# How do you solve for 2 free variables? Or at least one of them?

So I have a set of 3 equations with 5 variables each; a, b, c, d, and e.

Xf=X1a+X2b+X3c+X4d+X5e
Yf=Y1a+Y2b+Y3c+Y4d+Y5e
Zf=Z1a+Z2b+Z3c+Z4d+Z5e

After I put it through a matrix I'm left with 3 new equations in the form of;

a =Xf+ X4d+X5e
b = Yf+Y4d+Y5e
c = Zf+Z4d+Z5e

(I didn't know how to do subscript)Keep in mind that a, b, c, d, and e are the same as the same variable in each equation. Is there any way to solve for d and e?

• Halie10
+2

Your question does not make sense to me. What do you mean by "After I put it through a matrix"? In general, in order to solve linear equations the number of variables and equations should be equal.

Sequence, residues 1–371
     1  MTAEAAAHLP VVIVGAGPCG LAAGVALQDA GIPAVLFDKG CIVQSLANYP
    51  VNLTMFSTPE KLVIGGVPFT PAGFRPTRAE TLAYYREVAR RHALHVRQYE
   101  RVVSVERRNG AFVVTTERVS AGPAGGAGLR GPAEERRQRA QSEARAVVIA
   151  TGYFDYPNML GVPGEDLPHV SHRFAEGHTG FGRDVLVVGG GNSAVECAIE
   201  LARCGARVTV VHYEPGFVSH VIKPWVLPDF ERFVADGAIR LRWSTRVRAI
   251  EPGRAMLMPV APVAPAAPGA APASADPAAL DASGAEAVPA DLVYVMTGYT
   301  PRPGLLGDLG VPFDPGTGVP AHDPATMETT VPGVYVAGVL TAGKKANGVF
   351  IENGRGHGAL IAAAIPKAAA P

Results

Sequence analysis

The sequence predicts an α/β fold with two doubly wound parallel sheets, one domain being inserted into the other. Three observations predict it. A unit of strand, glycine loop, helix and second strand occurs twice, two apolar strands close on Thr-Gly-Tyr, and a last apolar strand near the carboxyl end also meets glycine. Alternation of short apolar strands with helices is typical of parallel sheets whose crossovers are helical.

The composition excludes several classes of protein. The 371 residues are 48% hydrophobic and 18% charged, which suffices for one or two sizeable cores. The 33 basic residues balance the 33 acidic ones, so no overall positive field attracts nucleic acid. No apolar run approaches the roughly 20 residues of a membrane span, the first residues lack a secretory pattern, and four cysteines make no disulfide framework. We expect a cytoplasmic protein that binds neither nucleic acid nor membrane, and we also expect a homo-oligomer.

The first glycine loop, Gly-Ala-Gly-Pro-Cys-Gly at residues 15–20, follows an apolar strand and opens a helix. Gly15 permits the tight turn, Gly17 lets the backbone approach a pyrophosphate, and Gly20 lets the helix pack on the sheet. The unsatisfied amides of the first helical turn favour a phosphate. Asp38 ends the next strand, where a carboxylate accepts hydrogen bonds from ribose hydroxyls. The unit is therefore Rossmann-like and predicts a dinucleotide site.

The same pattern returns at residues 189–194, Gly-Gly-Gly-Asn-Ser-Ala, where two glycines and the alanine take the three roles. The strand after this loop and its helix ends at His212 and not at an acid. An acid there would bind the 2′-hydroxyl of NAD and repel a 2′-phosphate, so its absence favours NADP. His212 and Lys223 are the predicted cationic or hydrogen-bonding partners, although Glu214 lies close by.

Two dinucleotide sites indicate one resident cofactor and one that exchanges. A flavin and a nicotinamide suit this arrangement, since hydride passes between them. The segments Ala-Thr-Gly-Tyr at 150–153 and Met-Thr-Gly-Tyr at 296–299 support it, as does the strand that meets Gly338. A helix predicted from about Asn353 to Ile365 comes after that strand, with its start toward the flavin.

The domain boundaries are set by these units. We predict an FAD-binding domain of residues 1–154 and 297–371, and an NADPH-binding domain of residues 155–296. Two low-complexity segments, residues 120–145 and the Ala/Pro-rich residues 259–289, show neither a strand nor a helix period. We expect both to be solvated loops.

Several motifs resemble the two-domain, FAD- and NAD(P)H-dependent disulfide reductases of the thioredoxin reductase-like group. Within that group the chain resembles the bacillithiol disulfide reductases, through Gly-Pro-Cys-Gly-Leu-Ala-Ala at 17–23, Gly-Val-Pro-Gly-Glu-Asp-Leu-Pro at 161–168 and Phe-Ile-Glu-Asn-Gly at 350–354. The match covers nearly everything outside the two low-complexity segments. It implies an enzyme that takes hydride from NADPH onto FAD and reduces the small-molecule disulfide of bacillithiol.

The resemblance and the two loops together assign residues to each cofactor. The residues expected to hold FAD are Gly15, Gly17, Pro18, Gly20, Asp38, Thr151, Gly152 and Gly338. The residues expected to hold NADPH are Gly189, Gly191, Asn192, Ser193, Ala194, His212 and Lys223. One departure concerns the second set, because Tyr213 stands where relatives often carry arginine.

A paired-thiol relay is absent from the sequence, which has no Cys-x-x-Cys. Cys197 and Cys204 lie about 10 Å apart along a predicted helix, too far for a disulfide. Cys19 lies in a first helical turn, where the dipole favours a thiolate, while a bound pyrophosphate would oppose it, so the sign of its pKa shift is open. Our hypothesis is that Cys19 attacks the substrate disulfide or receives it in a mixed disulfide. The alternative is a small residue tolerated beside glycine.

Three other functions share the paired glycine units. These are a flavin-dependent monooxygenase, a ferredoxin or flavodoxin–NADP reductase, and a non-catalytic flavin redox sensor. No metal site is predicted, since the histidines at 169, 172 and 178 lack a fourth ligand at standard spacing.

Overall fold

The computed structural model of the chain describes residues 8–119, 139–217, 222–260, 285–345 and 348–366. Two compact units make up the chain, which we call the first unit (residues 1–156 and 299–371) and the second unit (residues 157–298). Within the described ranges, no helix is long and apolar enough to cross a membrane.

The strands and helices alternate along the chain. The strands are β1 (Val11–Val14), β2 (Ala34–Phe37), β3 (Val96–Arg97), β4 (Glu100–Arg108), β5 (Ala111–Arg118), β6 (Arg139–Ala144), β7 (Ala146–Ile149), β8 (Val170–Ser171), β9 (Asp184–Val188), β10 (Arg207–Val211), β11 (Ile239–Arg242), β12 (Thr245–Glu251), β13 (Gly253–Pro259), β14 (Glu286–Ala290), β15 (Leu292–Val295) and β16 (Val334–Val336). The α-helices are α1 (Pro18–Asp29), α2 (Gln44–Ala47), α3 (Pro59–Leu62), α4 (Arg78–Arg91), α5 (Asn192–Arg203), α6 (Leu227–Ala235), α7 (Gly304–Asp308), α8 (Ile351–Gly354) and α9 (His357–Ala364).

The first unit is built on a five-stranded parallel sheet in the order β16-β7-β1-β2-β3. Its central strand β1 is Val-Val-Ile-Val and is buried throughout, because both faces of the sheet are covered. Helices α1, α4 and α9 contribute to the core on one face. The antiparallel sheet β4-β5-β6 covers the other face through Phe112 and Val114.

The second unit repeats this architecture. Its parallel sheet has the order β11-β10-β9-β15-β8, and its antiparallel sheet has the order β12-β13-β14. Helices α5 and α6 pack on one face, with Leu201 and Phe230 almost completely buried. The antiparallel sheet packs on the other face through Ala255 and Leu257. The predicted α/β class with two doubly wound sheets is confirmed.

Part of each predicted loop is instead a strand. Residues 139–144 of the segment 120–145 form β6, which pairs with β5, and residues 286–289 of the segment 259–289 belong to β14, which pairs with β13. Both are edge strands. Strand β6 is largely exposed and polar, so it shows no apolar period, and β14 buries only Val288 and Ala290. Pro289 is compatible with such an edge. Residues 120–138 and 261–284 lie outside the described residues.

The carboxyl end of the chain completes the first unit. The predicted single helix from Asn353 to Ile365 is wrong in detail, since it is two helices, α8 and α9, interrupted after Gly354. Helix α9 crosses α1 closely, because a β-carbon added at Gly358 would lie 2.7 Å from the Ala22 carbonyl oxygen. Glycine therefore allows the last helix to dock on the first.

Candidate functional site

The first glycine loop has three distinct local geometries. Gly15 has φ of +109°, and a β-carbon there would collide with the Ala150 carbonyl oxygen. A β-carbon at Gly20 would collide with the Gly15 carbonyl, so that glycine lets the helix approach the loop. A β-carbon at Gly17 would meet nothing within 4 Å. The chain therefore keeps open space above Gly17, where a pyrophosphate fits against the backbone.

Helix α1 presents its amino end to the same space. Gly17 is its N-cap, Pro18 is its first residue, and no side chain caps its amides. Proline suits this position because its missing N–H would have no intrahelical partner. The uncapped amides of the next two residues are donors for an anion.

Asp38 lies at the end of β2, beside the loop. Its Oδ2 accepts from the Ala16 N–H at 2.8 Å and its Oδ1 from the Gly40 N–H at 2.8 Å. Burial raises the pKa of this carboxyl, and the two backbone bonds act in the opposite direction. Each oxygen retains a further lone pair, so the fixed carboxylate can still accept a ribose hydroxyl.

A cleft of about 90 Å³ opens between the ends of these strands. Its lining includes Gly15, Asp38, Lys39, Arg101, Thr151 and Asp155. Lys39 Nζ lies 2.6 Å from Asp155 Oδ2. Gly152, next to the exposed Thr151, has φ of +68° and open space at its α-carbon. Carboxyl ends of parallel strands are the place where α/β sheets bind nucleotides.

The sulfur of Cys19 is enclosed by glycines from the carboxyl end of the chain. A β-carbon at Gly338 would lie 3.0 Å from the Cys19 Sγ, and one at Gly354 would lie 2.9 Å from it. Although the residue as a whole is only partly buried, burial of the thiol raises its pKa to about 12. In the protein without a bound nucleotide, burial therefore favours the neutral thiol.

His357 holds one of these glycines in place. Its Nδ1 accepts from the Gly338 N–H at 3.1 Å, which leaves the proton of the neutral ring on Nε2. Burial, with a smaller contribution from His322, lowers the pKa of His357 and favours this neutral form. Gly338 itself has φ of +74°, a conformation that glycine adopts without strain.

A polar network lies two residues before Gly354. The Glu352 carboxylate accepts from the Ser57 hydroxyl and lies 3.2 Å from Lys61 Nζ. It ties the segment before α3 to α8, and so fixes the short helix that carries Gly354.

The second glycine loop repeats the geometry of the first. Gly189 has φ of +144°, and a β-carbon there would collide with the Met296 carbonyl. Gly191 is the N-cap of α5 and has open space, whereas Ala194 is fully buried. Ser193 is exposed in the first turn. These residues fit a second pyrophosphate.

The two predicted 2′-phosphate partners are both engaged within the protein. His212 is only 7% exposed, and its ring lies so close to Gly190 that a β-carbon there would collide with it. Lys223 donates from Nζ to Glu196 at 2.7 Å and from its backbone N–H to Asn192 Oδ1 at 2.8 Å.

• Matthew Karr
0

To reduce the first set of equations I put it into a 3x6 matrix. I'm aware that leaves d and e as free variables, I'm wondering if there is a way to solve for them.

Suppose we have

a =Xf+ X4d+X5e
b = Yf+Y4d+Y5e
c = Zf+Z4d+Z5e

Then

X4d+X5e=a -Xf
Y4d+Y5e =b -Yf
Z4d+Z5e= c -Zf

This is a linear system of equations with 2 unknowns and 3 equations. In general, such equation does not have a solution, unless the equations are not linearly independent, i.e., one of the equations is a linear combination of the other two.

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